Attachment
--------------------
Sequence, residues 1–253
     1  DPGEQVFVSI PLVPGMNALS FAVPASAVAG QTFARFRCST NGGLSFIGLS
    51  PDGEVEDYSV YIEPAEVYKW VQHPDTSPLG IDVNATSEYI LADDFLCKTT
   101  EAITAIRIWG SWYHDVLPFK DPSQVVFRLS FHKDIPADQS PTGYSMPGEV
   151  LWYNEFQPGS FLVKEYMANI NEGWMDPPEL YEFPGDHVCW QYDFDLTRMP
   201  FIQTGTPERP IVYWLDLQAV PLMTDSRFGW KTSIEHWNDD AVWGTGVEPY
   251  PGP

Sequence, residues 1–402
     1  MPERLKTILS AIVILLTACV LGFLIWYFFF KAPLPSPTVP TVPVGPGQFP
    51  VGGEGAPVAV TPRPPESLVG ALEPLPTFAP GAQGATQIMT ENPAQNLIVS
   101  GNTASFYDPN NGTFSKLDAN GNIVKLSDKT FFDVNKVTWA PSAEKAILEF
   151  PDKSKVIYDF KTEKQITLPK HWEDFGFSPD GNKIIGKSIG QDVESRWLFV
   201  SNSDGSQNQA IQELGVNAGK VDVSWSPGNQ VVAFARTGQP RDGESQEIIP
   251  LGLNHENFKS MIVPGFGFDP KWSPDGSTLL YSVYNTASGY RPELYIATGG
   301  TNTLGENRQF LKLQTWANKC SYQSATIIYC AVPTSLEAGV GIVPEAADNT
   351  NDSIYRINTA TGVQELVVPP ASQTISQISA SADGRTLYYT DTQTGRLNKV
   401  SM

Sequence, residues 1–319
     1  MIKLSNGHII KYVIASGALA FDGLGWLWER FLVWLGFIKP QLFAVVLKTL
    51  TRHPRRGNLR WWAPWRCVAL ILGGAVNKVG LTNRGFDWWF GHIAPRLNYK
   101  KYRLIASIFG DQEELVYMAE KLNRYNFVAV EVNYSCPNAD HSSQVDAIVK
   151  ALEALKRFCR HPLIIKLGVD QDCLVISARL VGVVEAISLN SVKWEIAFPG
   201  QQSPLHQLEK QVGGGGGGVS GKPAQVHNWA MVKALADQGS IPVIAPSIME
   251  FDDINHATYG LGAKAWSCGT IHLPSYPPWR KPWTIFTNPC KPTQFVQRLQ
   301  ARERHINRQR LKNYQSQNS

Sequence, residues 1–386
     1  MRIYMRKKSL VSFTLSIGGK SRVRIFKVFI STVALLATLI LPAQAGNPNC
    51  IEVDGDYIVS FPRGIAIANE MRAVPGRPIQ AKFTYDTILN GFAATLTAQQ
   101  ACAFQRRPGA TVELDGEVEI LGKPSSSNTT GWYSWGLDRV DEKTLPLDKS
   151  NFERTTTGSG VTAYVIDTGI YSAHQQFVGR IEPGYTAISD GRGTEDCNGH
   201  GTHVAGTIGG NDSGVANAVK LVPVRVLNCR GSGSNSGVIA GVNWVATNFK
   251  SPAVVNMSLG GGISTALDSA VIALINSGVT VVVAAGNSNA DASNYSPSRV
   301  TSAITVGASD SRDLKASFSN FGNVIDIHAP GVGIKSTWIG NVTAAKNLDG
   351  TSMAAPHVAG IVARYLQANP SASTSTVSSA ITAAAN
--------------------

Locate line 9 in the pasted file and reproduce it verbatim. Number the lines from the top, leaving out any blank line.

     1  MPERLKTILS AIVILLTACV LGFLIWYFFF KAPLPSPTVP TVPVGPGQFP